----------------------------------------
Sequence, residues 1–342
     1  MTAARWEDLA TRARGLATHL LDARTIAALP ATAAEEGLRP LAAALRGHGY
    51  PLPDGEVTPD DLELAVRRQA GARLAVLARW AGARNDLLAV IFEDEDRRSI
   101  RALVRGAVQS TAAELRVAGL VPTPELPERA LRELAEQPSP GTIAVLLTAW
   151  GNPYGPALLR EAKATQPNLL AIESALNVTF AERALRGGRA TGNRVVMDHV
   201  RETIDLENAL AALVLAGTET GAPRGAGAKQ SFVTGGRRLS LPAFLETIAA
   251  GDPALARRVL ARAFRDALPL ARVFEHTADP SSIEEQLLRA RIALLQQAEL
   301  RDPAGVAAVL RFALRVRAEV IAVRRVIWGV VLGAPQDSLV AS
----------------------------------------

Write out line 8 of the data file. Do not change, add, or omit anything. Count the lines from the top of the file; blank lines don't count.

   301  RDPAGVAAVL RFALRVRAEV IAVRRVIWGV VLGAPQDSLV AS